Cooke's Corner: Reviewing Some Poker Basics
The recurring sum of volume (money wagered) multiplied by edge (expected win or loss) equals expectation or "EV" (expected value) — (V x E) = EV. Over numerous trials, luck diminishes as a factor and becomes inconsequential. Then expectation will equal earn, the money you've won or lost.
All poker decisions should be quantified by expectation. It's not the nominal amount of the wager that counts; it's the expectation our bet(s) obtain. In the current hand we generally strive to make the optimal EV decisions. It doesn't matter whether we win or lose it. It only matters that we made the best possible decision. Yeah, I know it doesn't feel that way, but you need to get over that!
We won't always win as a favorite, nor always lose as an underdog. And it's very important to understand that poker decisions are interrelated. You can take a short EV price on one street/hand if that puts you in a position to receive positive EV on a future street/hand.
For example, receiving 3-to-1 pot odds on a small wired pair to flop a set is actually good if you can make up the expectation lost on the short preflop price after the flop. That said, many people overestimate future EV to justify negative EV plays — don't do that! What counts is the total "implied price" we received from our wager/decision.
Implied price is the average amount of EV that you expect to gain or lose on future bets. The amount currently in the pot is a factor, as it is guaranteed, but the real price of the hand is the expectation, positive or negative, you can legitimately expect to receive now and on future streets.
A hand that has only +EV on future bets (e.g., the unbeatable nuts) possesses more value than a hand that will have some –EV scenarios in its future (e.g., you draw to the second nut flush and will get stacked, drawing dead, every time the nut flush is out). In most cases, it's a best-guess estimate, and not quantifiable. That said, understanding the concept should enhance your decision process.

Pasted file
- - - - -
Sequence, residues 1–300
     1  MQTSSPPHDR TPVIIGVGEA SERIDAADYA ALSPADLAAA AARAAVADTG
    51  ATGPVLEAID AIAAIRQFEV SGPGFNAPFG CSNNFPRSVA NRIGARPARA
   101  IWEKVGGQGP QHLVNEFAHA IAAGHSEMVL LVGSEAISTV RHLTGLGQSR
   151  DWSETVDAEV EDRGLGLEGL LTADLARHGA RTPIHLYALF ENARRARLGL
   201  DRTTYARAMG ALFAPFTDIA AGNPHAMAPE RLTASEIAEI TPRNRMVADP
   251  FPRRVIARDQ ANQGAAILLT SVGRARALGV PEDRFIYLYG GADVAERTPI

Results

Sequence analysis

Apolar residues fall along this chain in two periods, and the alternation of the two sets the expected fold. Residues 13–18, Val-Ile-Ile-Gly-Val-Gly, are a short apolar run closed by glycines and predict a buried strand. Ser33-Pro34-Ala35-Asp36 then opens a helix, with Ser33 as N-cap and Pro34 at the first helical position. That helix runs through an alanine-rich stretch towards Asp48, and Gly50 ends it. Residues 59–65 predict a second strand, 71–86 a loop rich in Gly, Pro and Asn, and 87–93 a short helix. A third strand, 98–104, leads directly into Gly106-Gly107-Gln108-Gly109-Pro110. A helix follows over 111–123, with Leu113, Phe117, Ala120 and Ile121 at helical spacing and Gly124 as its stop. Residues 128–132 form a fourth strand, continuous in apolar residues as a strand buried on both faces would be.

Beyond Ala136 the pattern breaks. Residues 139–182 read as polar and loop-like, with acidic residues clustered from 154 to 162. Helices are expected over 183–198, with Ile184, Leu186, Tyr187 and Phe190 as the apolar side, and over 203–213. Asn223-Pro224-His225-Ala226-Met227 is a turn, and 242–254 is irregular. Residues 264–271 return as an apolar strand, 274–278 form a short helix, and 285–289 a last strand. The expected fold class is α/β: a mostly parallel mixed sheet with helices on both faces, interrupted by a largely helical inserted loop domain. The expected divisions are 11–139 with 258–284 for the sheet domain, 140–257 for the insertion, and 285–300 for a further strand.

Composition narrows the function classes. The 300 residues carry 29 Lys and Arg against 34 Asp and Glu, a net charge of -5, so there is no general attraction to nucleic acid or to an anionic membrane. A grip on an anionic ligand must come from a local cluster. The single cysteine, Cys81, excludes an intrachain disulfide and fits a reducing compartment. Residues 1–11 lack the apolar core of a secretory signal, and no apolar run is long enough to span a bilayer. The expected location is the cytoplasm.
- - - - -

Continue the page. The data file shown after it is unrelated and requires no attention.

Over the course of time your EV will add or subtract up into the recurring sum field. The greater the number of +EV plays and the fewer –EV plays, the higher the recurring sum number. Also, of great importance, is that the greater the volume of +EV plays, the higher the recurring sum number.
While a loose-aggressive strategy is the optimum way to play and the style you should strive to learn, you must play within your element to win.
Too tight players lose value by missing opportunities to make plays that would add value to their recurring sum field. To win the optimal amount of real money, maximize all positive opportunities. Of course, you must recognise them when they present themselves, and that takes a lot of knowledge.
The best players play a highly aggressive style. It creates turmoil in their opponents' minds, creating even more +EV opportunities for themselves. They wager more +EV money in more situations than their opponents, thereby creating a higher expectation. That said, it takes a very good situational reader to play this style effectively. If you don't have the requisite skill sets, don't do it.
While a loose-aggressive strategy is the optimum way to play and the style you should strive to learn, you must play within your element to win. Recognise your ability, and whether playing poker online or live try to play games/opponents that are beatable utilising your current ability.
Grow your game slowly — understand it is a marathon, not a sprint. If you have what it takes, you'll make it. If you push yourself beyond your abilities, you'll crash and burn, and the mental recovery may never occur. It's more important that you do make it, which few accomplish than that you make it quickly!
A tight-aggressive strategy will still win money at the lower limits. Weak players will pay you off, and an occasional bluff will net additional +EV. And while you play this strategy, you should seek to improve your read of situations, plus envision situations where you can play more aggressively and increase your +EV wagering volume.
You must understand the game conceptually to make good decisions. This is all basic conceptual fundamentals and generally not exactly mathematically quantifiable. The goal in poker is to win money; that's the only way we keep score!
Roy Cooke played poker professionally for 16 years prior to becoming a successful Las Vegas Real Estate Broker/Salesman. Should you wish any information about Real Estate matters — including purchase, sale or mortgage — his office number is 702-376-1515 or Roy’s email is RoyCooke123@gmail.com. His website is www.RoyCooke.com, and more of his blogs and poker tips can be found at www.RoyCookePokerlv.com. You can also find him on Facebook or Twitter @RealRoyCooke.